Exercise Tiger, the Allied Disaster at Slapton Sands Before D-Day:

Weeks before D-Day, at a place called Slapton Sands in Devon, England, a training maneuver called Operation Tiger or Exercise Tiger was set into motion. It would become one of the Allies worst training disasters and biggest cover ups of the war in Europe.

In November 1943, villagers around Slapton Sands learned they were to be evacuated and their homes and land turned into a training ground for soldiers. Over a five week period, ending on December 20, 1943, the villages of Blackawton, Chillington, East Allington, Sherford, Slapton, Stokenham, Strete and Torcross were evacuated by British and American authorities with the help of the WVS (Woman’s Voluntary Service). A total of 3,000 civilians comprising 750 families left behind their homes and 180 farms and shops.



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German S-Boot. Known as an E-Boat to the Allies

The beach of Slapton Sands was chosen as the site for the invasion exercise because of its similarity to a stretch of beach in Normandy near the villages of Pouppeville and La Madeleine, Manche. The French beach, codenamed Utah by the Allies, would play a strategic role in the D-Day invasion and its capture would open a path to the vital port of Cherbourg.

At 9:45 pm on April 27, 1944, The US 4th Infantry Division left the docks at Plymouth harbor and headed toward Lyme Bay off the Devon Coast. Their convoy comprised of LST’s 289, 499, 507, 515, 496, 511, 531 and 58 with the British Destroyer HMS Azalea as their escort. The LST’s sailed in an exposed single line formation with HMS Azalea at the front.

Another British Destroyer, HMS Scimitar was meant to be escorting the vulnerable LST’s, but it was back in Plymouth undergoing repairs. Through communication errors, the British forgot to inform the high command that the Scimitar would stay in port leading American and British commanders at sea to be uninformed that one of their escorting destroyers was missing.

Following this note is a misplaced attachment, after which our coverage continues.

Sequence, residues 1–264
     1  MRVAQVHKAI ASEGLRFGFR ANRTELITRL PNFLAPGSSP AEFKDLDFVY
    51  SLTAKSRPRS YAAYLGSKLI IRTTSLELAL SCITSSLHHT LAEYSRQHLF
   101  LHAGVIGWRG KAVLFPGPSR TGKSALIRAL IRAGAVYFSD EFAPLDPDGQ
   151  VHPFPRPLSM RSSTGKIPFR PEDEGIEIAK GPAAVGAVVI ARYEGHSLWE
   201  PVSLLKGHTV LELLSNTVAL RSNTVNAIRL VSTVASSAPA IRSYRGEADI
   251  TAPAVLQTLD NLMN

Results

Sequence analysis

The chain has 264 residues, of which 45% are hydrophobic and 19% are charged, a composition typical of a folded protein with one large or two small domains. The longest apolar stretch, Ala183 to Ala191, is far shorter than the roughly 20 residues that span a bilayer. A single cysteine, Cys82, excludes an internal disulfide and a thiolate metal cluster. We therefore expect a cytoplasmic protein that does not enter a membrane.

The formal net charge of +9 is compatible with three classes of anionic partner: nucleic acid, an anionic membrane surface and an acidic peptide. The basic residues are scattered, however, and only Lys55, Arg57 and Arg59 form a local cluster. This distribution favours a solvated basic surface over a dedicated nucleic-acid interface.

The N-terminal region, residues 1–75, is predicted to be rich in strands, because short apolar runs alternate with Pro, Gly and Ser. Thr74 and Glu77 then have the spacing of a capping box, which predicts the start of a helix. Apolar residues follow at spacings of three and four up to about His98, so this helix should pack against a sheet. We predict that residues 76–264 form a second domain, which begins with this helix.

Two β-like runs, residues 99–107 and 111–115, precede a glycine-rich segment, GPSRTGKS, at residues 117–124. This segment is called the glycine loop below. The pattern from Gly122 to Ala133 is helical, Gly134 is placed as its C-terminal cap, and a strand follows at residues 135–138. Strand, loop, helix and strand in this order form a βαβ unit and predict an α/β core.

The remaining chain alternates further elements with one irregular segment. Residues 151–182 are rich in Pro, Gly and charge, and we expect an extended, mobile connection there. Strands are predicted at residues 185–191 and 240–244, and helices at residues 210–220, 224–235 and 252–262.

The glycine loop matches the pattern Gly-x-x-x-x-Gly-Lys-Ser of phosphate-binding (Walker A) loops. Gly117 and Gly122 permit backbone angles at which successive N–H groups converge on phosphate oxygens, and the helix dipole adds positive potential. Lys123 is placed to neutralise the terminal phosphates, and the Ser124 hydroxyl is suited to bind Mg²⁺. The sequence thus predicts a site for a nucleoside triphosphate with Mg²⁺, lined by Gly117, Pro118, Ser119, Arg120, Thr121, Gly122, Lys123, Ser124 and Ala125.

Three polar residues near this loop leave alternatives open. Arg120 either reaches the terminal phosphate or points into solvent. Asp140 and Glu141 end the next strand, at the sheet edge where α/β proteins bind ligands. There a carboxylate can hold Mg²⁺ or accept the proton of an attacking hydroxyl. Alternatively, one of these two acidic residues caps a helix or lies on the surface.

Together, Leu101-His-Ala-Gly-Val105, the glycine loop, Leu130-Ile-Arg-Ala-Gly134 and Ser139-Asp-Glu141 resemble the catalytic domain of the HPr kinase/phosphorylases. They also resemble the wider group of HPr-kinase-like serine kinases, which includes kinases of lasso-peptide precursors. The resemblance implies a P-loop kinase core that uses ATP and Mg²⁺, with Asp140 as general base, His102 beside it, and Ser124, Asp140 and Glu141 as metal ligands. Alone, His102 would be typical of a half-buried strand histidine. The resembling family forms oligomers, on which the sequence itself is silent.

In the weeks before Exercise Tiger, German motor torpedo boats, called S-boots by the Germans and E-boats by the Allies, had been attacking ships in the English Channel.

The commander of the HMS Azalea spotted German S-boats operating in the channel but assumed the Americans saw them too and did not directly inform them. To further complicate things, an error in radio frequencies given to the LST’s and their lone escort meant the ships could not contact each other via radio.

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Slapton Sands during Exercise Tiger

At 1:37 am on April 28, after finally realizing HMS Scimitar was still in port, the Royal Navy hurriedly dispatched HMS Saladin to catch up with the vulnerable convoy.

But by that time, German E-boats had already started their attack.

At 2:02 am, LST 507 was hit by a torpedo in its auxiliary engine room that cut off power and caused the ship to burst into flames. Without power, most of the onboard firefighting equipment would not work and an order to abandon ship was given.